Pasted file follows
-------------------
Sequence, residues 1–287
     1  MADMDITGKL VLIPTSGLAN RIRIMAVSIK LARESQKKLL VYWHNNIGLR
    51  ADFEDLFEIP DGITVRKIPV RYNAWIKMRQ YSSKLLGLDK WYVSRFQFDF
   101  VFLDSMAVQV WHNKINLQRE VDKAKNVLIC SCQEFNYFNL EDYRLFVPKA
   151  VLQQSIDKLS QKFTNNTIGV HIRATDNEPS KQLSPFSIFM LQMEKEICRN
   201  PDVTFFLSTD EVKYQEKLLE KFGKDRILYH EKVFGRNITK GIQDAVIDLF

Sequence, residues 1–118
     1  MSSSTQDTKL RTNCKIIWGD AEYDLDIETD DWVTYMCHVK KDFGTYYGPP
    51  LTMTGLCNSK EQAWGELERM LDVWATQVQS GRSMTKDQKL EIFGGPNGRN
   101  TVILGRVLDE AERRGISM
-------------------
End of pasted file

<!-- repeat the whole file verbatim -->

Sequence, residues 1–287
     1  MADMDITGKL VLIPTSGLAN RIRIMAVSIK LARESQKKLL VYWHNNIGLR
    51  ADFEDLFEIP DGITVRKIPV RYNAWIKMRQ YSSKLLGLDK WYVSRFQFDF
   101  VFLDSMAVQV WHNKINLQRE VDKAKNVLIC SCQEFNYFNL EDYRLFVPKA
   151  VLQQSIDKLS QKFTNNTIGV HIRATDNEPS KQLSPFSIFM LQMEKEICRN
   201  PDVTFFLSTD EVKYQEKLLE KFGKDRILYH EKVFGRNITK GIQDAVIDLF

Sequence, residues 1–118
     1  MSSSTQDTKL RTNCKIIWGD AEYDLDIETD DWVTYMCHVK KDFGTYYGPP
    51  LTMTGLCNSK EQAWGELERM LDVWATQVQS GRSMTKDQKL EIFGGPNGRN
   101  TVILGRVLDE AERRGISM